March 18 Staff reviewers for the U.S. Food and
Drug Administration did not recommend the approval of Abbott
Laboratories' implantable heart device MitraClip, citing
a lack of "valid scientific evidence" of safety and
FDA reviewers said in briefing documents, posted on the
regulator's website on Monday, that approval of the device would
not be appropriate at the time as major questions of safety,
efficacy and overall benefit-risk profile remained unanswered.
The device is being tested to treat mitral valve
insufficiency - a disorder where a heart valve does not close
properly when the heart pumps blood, causing blood to flow back
into the heart - in patients considered high risk for open
The device is inserted into the blood stream using a
"The FDA staff is asking for more information. Abbott is
conducting multiple trials on MitraClip, including the COAPT
study, and the staff would want to look at that data," BMO
Capital Markets analyst Joanne Wuensch said.
The COAPT trial is testing the device in high-risk
inoperable and high-risk mitral valve patients. Abbott has also
recently developed a European trial for the patient population.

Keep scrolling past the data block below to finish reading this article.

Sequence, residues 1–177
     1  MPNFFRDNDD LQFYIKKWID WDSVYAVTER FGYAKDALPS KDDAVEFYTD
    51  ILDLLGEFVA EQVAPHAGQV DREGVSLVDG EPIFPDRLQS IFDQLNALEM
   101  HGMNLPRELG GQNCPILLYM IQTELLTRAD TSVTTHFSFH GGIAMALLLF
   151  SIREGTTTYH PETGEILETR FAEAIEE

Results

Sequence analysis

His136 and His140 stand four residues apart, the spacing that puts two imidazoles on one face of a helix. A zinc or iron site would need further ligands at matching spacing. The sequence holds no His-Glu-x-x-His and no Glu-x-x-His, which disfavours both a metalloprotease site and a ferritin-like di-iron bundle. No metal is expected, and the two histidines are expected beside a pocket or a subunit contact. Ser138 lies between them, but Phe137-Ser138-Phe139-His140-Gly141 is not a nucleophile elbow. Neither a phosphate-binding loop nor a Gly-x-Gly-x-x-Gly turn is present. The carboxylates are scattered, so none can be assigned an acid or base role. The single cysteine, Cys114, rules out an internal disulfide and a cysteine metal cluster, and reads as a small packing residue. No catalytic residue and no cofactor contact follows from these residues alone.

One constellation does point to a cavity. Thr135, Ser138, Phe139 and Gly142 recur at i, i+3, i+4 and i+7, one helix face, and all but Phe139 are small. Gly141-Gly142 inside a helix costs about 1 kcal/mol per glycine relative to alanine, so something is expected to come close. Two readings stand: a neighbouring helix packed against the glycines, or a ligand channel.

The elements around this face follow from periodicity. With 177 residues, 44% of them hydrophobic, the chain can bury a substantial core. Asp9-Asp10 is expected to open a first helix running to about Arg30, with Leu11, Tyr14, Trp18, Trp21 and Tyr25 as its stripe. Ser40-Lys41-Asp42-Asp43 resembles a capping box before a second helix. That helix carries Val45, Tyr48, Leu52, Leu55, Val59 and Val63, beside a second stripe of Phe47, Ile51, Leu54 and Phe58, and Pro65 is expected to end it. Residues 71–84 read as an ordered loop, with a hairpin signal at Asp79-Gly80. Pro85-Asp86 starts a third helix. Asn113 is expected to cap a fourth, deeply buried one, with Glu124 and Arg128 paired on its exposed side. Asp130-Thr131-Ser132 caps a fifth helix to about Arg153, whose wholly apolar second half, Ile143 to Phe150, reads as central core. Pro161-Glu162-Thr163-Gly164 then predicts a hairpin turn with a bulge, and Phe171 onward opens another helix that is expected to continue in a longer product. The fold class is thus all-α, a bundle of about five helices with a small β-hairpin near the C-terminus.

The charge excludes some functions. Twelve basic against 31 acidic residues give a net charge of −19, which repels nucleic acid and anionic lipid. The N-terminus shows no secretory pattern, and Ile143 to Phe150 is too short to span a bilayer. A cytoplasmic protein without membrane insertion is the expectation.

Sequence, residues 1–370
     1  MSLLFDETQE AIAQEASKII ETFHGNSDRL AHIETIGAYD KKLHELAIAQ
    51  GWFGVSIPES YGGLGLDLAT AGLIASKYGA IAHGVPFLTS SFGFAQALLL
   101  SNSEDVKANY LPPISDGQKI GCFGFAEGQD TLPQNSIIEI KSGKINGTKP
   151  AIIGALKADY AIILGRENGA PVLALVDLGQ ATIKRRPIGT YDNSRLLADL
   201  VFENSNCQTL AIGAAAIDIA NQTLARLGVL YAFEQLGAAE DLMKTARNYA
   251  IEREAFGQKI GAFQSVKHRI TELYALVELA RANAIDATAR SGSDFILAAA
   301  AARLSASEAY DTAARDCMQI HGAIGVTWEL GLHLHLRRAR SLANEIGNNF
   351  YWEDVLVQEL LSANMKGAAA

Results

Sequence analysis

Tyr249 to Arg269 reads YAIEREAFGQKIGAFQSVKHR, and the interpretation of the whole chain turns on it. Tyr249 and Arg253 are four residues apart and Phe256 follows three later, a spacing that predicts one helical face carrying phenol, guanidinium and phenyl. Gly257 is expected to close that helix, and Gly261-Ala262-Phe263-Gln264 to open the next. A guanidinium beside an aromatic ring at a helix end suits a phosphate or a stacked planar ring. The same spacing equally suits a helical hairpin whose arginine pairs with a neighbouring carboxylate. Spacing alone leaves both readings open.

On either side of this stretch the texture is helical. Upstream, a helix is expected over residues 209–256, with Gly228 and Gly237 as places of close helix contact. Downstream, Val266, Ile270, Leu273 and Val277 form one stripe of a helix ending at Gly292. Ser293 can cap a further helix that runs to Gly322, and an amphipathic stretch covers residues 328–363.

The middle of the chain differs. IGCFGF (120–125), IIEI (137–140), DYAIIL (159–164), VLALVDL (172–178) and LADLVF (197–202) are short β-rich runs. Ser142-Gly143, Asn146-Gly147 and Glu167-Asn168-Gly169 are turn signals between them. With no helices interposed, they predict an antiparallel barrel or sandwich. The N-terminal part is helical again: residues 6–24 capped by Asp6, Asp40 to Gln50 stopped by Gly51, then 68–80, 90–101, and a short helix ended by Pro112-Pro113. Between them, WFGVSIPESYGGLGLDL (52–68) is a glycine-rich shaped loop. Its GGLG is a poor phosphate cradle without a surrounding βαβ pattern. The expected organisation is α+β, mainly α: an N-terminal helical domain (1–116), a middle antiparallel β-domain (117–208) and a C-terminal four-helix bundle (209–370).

Abbott had changed the proposed use for the device after the
FDA expressed concerns that there was a lack of evidence to
support its approval for a broader use in patients with
significant mitral valve insufficiency, the reviewers said in
the documents. ()
"FDA firmly believes that the currently enrolling COAPT and
European trials are well-designed trials that will help to
answer the many important questions posed by the very limited
data analyses presented in this (approval application)," the
However, the reviewers recommended that MitraClip continue
to remain available to high-risk patients as an investigational
device so that Abbott can conduct its trials in an optimal
"The MitraClip device represents a true advance for
(high-risk) patients and we look forward to discussing the
totality of the clinical evidence with the advisory committee
members and hearing their recommendations on Wednesday," Abbott
said in an emailed statement to Reuters.
An advisory panel of independent experts will discuss the
data submitted by Abbott on the device and will vote on its
safety, efficacy and risk profile.
BMO's Wuensch said her earnings estimate on Abbott did not
include any expected revenue from MitraClip, adding that she
believed the Street consensus also excluded any potential sales
from the device.
Abbott shares were down 1.2 percent at $33.72 on the New
York Stock Exchange on Monday.